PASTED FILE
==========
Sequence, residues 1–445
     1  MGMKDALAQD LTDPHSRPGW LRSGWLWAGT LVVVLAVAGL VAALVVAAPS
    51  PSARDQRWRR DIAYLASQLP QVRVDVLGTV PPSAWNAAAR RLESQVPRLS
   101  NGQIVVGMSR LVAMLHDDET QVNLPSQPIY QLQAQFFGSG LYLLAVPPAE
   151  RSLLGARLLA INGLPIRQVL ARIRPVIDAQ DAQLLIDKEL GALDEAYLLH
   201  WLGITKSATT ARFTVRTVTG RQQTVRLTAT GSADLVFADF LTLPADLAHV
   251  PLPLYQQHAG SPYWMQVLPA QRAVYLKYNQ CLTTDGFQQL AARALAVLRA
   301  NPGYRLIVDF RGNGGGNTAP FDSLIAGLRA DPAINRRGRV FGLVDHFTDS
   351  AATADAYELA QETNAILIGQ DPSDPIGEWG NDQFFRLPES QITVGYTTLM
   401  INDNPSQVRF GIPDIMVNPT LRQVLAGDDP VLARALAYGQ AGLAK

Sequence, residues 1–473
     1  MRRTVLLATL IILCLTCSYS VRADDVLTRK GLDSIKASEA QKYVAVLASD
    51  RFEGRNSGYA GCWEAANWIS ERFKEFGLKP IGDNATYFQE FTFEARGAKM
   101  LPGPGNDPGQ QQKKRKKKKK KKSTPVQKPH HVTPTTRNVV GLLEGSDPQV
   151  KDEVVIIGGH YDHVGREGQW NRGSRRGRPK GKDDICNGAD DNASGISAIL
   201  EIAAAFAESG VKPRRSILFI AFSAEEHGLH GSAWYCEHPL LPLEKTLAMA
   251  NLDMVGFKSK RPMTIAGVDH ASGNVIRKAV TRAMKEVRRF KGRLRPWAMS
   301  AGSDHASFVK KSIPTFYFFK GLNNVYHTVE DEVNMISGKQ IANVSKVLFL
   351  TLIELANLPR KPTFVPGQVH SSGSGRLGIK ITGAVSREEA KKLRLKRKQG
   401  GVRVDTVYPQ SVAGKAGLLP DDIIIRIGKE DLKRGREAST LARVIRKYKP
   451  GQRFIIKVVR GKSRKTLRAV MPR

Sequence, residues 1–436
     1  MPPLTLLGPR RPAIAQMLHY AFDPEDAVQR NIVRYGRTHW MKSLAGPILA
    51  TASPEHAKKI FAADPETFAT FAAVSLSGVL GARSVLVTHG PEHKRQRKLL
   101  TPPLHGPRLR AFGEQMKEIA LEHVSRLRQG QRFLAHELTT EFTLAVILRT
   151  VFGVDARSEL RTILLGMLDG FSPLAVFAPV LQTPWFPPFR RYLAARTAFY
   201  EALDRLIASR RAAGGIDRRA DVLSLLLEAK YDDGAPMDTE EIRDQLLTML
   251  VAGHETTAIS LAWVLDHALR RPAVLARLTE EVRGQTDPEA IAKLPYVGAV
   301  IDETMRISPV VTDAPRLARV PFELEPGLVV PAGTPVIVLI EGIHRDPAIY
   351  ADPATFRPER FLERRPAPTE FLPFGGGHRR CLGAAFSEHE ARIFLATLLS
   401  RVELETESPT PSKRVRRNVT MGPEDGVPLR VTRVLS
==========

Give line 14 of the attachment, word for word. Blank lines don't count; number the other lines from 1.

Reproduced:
   101  LPGPGNDPGQ QQKKRKKKKK KKSTPVQKPH HVTPTTRNVV GLLEGSDPQV